Looks like today's the day to head out to the garage and build yourself a perpetual motion machine, since Japanese physicists have just shown how to smash the classical second law of thermodynamics to smithereens using quantum entanglement.
The second law of thermodynamics is the one that says you can't get something for nothing. There's no free energy, you can't make a perpetual motion machine, and the entropy of a system must always increase. That last thing about entropy is basically saying that energy always tries to even itself out: if you have a container of hot water and you pour cold water into it, you end up with lukewarm water. If you want it to go the other way (heating or cooling a container of lukewarm water), you have to put energy into the system from the outside.
So that's all straightforward, then, but a Scotsman named James Maxwell in 1867 challenged this law in the following thought experiment: suppose you have a container of lukewarm water. This water is full of molecules moving at many different speeds; some are "hot" molecules moving fast and others are "cold" molecules moving slowly, but the average temperature of the system is just "warm." Now, divide the container into two halves, and put a tiny little molecule-sized door in the divider. Rig up the door such that whenever a particularly fast molecule approaches, it gets passed through to one side of the divider, and whenever a particularly slow molecule approaches, it gets passed through to the other. Eventually, this door will have sorted all the molecules into a fast side and a slow side, and you'll have a container with hot water and cold water instead of lukewarm water without having to input energy into the system. Violation alert!
As it turns out, this thought experiment isn't just a thought experiment: you can actually do something functionally similar in a lab. In 2010, scientists showed that it was possible to move a tiny plastic bead up a staircase using the random motion of air molecules, using a door technique similar to what Maxwell had thought up. You put the tiny bead on a tiny staircase and watch it getting pushed around by air molecules randomly bumping into it. Eventually, it'll randomly get pushed up a stair, and you shut an electrical door* behind it, holding it there. Over time, you can get this bead to climb the entire stairway without adding energy to the system.
After much scratching of heads, physicists realized that these experiments depend entirely on having a lot of accurate information about the system in question. In Maxwell's experiment, you need to be measuring the velocity of the molecules all the time, and in stair-climbing bead experiment, you need to be measuring the position of the bead. All of this measuring takes energy, which neatly balances out the apparent "free" energy that comes out of the system.
The key realization here is that these experiments are effectively converting information into energy. So with the plastic bead, you're taking information on the location of the bead and converting that into the energy required to push the bead up the steps, which preserves the second law of thermodynamics. Information literally becomes power.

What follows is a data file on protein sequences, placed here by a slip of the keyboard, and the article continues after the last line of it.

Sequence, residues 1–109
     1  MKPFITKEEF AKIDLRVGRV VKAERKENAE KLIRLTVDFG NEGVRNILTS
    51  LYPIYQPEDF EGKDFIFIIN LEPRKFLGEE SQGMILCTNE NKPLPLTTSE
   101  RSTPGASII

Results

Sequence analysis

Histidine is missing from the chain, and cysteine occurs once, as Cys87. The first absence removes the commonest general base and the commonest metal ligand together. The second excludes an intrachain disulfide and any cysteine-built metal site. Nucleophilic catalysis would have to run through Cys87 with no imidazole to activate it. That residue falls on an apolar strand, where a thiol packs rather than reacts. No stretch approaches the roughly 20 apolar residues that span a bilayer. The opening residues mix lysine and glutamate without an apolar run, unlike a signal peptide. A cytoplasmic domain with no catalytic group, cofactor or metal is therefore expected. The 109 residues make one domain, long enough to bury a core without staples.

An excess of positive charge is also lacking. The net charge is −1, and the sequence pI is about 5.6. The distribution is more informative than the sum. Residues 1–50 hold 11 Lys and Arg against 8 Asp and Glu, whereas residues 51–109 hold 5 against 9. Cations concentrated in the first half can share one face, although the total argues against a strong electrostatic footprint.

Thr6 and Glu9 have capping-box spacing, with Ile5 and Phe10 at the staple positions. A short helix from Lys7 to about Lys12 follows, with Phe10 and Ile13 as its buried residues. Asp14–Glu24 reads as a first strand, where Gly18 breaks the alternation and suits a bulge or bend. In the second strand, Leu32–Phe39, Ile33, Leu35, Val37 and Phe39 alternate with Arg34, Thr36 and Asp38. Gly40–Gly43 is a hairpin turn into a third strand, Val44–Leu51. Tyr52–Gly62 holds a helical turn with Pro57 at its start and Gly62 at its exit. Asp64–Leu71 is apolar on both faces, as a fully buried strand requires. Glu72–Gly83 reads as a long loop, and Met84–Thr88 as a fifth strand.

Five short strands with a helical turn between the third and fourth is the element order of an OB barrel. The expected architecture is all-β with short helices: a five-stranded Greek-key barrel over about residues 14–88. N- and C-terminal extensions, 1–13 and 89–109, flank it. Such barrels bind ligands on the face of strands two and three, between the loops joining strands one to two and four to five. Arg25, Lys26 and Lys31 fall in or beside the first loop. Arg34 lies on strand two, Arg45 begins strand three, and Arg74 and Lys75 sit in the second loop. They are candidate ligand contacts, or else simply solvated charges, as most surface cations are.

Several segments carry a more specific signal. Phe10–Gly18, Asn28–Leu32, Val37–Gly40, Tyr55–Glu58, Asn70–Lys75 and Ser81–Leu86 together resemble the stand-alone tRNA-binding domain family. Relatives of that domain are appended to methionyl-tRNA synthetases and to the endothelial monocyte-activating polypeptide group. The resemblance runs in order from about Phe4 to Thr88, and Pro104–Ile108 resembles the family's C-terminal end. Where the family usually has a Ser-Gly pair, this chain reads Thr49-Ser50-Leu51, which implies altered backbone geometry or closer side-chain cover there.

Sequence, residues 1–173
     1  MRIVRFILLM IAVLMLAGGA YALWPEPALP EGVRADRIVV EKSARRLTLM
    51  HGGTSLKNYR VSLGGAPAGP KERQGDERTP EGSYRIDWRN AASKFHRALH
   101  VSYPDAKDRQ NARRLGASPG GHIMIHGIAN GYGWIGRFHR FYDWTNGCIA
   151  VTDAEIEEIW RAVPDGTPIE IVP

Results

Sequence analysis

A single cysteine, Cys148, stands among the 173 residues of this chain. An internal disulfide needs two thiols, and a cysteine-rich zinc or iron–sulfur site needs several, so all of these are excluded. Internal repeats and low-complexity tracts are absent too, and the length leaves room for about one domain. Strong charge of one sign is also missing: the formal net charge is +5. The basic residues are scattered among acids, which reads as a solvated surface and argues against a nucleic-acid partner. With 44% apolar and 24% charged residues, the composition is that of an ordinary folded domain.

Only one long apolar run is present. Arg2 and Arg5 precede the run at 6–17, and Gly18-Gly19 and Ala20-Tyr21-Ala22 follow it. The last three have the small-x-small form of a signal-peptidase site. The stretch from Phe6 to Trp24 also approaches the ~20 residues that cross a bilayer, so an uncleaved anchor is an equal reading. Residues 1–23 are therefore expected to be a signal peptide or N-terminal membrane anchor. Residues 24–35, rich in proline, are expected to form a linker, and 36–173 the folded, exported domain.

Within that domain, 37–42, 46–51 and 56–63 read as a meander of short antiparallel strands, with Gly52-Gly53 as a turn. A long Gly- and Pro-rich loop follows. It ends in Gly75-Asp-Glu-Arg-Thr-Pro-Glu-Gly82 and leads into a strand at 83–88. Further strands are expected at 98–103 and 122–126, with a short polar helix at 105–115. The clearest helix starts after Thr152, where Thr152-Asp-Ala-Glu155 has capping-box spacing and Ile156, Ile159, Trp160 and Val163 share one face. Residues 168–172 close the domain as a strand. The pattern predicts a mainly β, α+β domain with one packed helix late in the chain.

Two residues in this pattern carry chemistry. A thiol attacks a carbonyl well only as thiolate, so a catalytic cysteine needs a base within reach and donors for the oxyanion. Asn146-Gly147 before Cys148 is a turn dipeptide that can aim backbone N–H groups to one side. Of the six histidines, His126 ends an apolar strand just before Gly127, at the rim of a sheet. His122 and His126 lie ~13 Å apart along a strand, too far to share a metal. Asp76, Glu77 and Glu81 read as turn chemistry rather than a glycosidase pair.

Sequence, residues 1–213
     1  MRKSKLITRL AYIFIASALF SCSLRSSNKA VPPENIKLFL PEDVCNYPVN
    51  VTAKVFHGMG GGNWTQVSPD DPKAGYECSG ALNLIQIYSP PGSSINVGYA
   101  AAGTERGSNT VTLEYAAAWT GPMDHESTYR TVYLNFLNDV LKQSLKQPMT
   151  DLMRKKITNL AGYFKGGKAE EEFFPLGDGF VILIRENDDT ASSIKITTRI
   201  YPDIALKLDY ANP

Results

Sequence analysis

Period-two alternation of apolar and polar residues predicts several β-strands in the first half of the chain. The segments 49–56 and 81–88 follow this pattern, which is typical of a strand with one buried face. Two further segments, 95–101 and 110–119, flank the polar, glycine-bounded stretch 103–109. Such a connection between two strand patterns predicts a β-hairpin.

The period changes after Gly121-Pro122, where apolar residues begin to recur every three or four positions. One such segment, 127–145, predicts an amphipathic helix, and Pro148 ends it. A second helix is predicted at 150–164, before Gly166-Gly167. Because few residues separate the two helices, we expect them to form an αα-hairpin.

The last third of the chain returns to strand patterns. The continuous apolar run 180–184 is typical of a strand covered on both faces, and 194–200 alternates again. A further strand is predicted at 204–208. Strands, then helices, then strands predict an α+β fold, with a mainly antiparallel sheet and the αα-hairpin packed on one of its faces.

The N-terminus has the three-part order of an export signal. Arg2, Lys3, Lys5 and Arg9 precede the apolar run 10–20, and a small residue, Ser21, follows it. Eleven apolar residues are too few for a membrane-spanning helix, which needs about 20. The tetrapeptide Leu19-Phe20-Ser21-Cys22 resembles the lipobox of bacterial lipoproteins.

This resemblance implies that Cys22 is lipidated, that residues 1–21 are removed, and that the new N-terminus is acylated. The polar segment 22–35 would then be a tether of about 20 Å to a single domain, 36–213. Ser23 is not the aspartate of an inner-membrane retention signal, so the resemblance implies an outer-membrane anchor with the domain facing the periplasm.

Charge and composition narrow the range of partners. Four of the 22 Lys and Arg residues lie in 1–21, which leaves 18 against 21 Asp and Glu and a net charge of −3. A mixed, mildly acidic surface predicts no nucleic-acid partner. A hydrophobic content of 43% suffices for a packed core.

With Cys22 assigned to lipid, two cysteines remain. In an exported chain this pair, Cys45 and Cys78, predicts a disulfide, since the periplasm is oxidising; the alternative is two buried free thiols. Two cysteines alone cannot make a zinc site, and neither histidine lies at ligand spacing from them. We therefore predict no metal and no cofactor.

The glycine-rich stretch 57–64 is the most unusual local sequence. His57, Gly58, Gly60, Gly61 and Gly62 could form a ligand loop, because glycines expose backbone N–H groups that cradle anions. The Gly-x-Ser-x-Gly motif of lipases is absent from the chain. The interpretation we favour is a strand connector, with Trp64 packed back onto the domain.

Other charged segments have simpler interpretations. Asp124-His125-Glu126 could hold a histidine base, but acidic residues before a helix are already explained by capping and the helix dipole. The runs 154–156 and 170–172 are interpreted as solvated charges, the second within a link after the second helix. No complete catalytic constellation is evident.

That's a fairly awesome concept to consider, but things start to get problematic when you weave quantum mechanics into the system, which is what physicists from Tokyo University and the University of Kyoto have done. Let's go back to Maxwell's experiment sorting hot and cold molecules. Now, imagine that you start off with all of the molecules on one side entangled with all of the molecules on the other side. Entanglement, remember, is when you've got two molecules that are connected on a quantum level such that measuring one of them can give you information about the other one. That "give you information" bit is important, since we've seen how information and energy can be fundamentally equivalent, and this is where the crazy bit is: with a container of entangled molecules, you only have to spend the energy to measure half of them to get information about all of them, meaning that you can do the little door-sorting trick and create a hot side and a cold side of the container twice as efficiently.
From what I understand (and I'll be honest: understanding these equations is a walk in the park, if the park is full of people throwing giant Greek symbols at your face), the energy difference between the quantum version of this experiment and the classical one comes from the difference in energy required to perform measurements of quantum states as opposed to classical ones. Using quantum entanglement, you can get more energy out of a system than classical physics would seem to allow, but the difference comes from the energy required to measure all of the quantum information necessary to make it work.
All of this stuff is still only working on paper, but in principle there's no reason that it wouldn't work in real life, or at least as close to real life as quantum entanglement ever gets. And what's it good for? Well, the authors of the paper say that there may be potential applications for "controlling quantum-correlated thermodynamic systems," so get ready for all of those quantum-correlated thermodynamic systems that you've been using to soon get way more controllable.
Via Tech Review
*From what I can make out, you don't have to worry about energy you use to make the doors work because they're isolated from the system that you're looking at: the doors don't transmit energy to the bead, or in Maxwell's experiment, to the water molecules.